Nano Cheering!

Anyone out there doing Nanowrimo this year?

If you are, then I’m cheering you all the way to that 50k victory. If you’ve never heard of Nanowrimo, it’s a fun project for writers in the dark days of November. Nanowrimo is short for National Novel Writing Month. You pledge to write, during the 30 days of November, a novel 50,000 words in length. Those of you clever with maths will have worked out that thats just over 1,666 words a day. It’s quite a feat.

Few writers would commit themselves to such a punishing routine (or face the inevitable messy house and endless oven-ready-meals that such a challenge necessitates for 30 days), so why do it?

I did Nano back in 2009. I had several writing problems that I decided I just had to tackle. Most severe was my utter lack of discipline – I just didn’t sit down and write every day. Second to that was my obsession with editing. I was an ‘edit as you go along’ sort of writer, with the result that I never finished things, I just kept tweaking them. Doing Nano was my way of trying to break both these habits.

I picked a project that I hadn’t yet started writing – its advised not to try to finish a project using Nano, because you’ll be too wedded to it to indulge in the ‘what the heck’ free writing that the Nano word count requires. (The year after I ignored this sage advice and gave up after three days.) I did some plot planning, bought myself a cute Nanowrimo kit (not necessary but still brilliant), and waited for November 1st…

Then I had a blast. I enlisted the help of my lovely husband who kept me supplied with tea and encouragement. I traded nights out for evenings on the sofa feverishly writing. I ran out of plot round about November 23rd and had to start winging it, taking my work in directions I never thought it would go. Hitting 50k on the evening of November 30th felt like an amazing achievement.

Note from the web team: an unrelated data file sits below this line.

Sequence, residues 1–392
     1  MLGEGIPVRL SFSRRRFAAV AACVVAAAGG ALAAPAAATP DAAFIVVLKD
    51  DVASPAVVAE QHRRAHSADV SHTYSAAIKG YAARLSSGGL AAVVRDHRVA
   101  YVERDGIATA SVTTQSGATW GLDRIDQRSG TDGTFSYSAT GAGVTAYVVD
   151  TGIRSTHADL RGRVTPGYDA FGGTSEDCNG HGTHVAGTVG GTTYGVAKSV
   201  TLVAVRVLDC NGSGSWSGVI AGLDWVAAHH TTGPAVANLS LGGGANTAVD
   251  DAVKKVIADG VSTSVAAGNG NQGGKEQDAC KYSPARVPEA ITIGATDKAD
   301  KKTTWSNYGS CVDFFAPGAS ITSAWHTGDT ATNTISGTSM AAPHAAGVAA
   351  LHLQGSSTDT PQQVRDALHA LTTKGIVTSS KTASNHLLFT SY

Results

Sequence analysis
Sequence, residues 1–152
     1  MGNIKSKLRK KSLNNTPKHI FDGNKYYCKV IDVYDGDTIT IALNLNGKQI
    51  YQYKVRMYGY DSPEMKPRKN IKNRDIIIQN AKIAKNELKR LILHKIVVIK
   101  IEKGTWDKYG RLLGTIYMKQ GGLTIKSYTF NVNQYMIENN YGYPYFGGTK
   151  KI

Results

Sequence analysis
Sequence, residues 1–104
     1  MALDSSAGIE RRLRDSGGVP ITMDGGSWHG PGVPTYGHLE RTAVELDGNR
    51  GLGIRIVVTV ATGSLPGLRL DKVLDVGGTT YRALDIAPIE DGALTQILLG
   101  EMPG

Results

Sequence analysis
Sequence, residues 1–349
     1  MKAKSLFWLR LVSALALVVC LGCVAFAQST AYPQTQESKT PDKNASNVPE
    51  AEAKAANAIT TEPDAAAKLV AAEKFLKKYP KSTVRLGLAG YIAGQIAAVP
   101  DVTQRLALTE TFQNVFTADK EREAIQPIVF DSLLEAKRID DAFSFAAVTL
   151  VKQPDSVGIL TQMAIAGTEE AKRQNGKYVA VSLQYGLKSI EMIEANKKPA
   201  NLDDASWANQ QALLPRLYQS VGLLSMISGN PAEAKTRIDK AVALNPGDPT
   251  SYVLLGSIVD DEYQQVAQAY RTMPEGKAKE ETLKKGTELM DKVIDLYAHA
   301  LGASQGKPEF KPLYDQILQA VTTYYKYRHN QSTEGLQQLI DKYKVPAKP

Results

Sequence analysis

Nanowrimo isn’t without its critics. I’ve had people question the point, say it’s not really writing, that it just means you end up with 50,000 words of badly written trash, or that it’s not for serious writers.

Personally I got a lot out of Nano and someday I’d like to do it again. Is it ‘really writing’ – of course it is, it’s free writing, writing with the inner critic firmly turned off. Do you end up with a load of nonsense? Well looking back at my draft a lot of it would need heavy editing, but there was some good stuff in there, passages I am still proud of.  Is it not for serious writers? Nonsense – go onto Twitter and you’ll soon find established, well known writers who still do Nano.

So don’t let the critics get you down, and consider me one of your cheerleaders. If you’re doing Nano, you’re embarking on a challenge that will stretch you and could change the way you write. Enjoy it. Make sure you have lots of cups of tea,and look forward to hitting that button on November 30th and knowing that you are a Nano Winner!

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